Is there a representation for modern programming constructs that are becoming common in modern OOP/hybrid languages like mixins/traits/categories/partial classes ?

2 Answers 2


Yes and no. Generally, UML allows the usage of multiple inheritance, which allows you to model something like traits. In a sense, traits in Scala are a way to allow multiple inheritance, whilst trying to reduce its negative effect (namely, the diamond inheritance problem).

As for the Yes part of the answer: you can show traits/mixins as normal classes in UML, or even add a corresponding stereotype to them (either make them abstract, or if you want to be more precise define your own profile with a proper trait-stereotype). A class that mixes multiple traits is then visualized as a class that inherits from these traits (via generalization associations).

However, the UML has no proper semantic concept of this inheritance. Other than a vague description that the generalization means that the subclass gets the features from its superclasses, you will not get a clean semantics. In particular, language-specific semantics like Scala's trait linearization are not directly supported in UML.

If you want to make a very precise model of your Scala traits/classes, you would need to define a custom UML profile and assign stereotypes to your generalizations to document their linearization order. However, that's limited as well, because the order may be different for different classes that share some of their traits.

So it depends on what you want to use UML for. If you want to use it as documentation, you may well be able to live with these shortcomings. If you want to use UML models as a base for code generation or some such, then newer language features spell trouble. While the UML offers semantic variation points it is as a whole based on the traditional OO languages and falls short as soon, as you leave these standard feature sets. While traits/mixins still relate closely to classes/objects, and hence, can be visualized with some trade-offs, you'll be even more at a loss, when you try to use UML for non-OO language aspects (think, functional or logic programming).

  • The thing is, it's not multiple inheritance. In MI, a class can have multiple superclasses, all of which appear exactly once in the inheritance graph. With traits/mixins, each class has exactly one superclass (or supertrait), but that trait can appear in multiple different places in the inheritance graph. A mixin/trait can be characterized as a class that is parameterized by its superclass, and UML does support parameterization of classes, so you could probably represent them that way. How, I have no idea. Someone with deep knowledge of UML should chime in. Oct 30, 2013 at 18:48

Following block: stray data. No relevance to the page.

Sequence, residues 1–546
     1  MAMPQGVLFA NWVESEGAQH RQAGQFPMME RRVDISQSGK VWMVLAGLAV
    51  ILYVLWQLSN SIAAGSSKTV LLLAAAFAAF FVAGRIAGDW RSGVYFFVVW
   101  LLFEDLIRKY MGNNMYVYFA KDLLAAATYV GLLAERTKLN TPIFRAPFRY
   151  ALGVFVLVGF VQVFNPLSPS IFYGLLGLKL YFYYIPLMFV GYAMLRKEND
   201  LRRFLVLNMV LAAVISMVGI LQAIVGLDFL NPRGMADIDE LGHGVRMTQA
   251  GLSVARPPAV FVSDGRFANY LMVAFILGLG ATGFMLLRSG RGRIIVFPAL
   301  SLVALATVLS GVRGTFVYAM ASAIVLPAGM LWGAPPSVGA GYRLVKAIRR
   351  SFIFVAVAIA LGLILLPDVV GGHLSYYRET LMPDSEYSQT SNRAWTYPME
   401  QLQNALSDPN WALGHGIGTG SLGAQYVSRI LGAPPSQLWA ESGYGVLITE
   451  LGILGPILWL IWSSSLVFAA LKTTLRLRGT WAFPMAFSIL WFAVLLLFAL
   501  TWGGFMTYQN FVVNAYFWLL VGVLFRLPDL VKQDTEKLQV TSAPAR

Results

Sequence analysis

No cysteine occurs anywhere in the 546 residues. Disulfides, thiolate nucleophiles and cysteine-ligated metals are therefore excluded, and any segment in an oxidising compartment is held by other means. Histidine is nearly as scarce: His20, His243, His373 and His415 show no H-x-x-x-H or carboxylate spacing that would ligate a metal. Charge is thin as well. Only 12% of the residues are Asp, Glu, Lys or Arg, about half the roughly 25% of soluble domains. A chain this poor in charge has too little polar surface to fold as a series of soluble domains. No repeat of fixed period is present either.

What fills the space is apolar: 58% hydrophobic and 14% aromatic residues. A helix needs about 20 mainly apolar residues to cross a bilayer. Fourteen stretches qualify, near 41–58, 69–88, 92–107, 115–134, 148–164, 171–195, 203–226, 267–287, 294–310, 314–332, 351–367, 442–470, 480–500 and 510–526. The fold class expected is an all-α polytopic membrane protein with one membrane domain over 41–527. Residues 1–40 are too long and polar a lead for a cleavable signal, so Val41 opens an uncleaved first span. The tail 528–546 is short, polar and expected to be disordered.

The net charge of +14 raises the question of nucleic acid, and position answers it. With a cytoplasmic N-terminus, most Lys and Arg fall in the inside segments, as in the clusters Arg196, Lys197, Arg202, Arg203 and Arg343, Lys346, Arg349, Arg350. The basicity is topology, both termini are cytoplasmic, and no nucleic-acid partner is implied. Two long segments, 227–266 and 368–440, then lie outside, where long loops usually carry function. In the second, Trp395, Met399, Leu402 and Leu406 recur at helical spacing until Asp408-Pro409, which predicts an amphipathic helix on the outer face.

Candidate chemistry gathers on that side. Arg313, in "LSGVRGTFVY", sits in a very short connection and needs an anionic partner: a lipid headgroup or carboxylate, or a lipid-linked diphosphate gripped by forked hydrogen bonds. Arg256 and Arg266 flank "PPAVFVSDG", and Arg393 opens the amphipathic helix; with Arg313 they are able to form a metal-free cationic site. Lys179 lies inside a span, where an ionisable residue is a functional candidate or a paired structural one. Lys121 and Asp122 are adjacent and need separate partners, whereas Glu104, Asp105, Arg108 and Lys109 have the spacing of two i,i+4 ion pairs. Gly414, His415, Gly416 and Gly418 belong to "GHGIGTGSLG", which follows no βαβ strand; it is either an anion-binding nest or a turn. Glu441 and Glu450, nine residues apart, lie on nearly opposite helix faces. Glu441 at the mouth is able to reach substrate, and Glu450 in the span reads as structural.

• Yes I'm aware it is not exactly multiple inheritance (the question would be void then anwyays), but I still think it's valid to represent it as such, because the semantics are very close. Of course it is not exactly the semantics of trait linearization, but it's still closer than parameterization, which would not inherit the trait's features into the class.
    – Frank
    Oct 31, 2013 at 6:08

Inheritance is class centrive. Traits are behaviour centric.

So, traits are an attempt to decouple behaviour so you need not tie two classes together to an upstream parent.

Yes, you could treat traits as a an outcome of multiple inheritance, and tie the behaviour you want to allocate to a small abstract class. But as we know, we are trying to move away from multiple inheritance because of the constraints that come with it.

Indeed, traits are probably the meta concept from where aspects derive.

The point of traits is then you can pepper any class with a trait without grouping those classes under a common parent.

Where aspect oriented differs is that it is generally implementation oriented. That is, how do you spread concerns over classes and their methods, if the semantics of OO languages does not support traits.

This is not different to the problem for so-called design patterns. There is a school of thought that says design patterns, coming from c++ world, were necessary because of semantics missing from c++ as a programming language - including its conceptual model.

A good example is the introduction of reactive functional languages like ELM. In ELM the MVC idiom is integral to the semantics of the language. So, you can natively code MVC in a few lines, where as you need oodles more oo code in c++.

So, look at traits as a design pattern that is solved by aspects. Now that will cause a stir because there will be an argument that aspects have semantics. They do, implementation semantics. Traits have are a higher level design semantic.

So, no there is no semantic for traits in UML. Whether you could accomplish traits using profiles might be an interesting question. Whether adding traits by profile is the same thing as being "in" UML is another interesting question. I would say no to that too. No because if the root theoretic for UML is OO, and traits are not in the root theoretic, then any use of profiles to add traits will be implementation and not design centric with respect to the notation.

Not the answer you're looking for? Browse other questions tagged or ask your own question.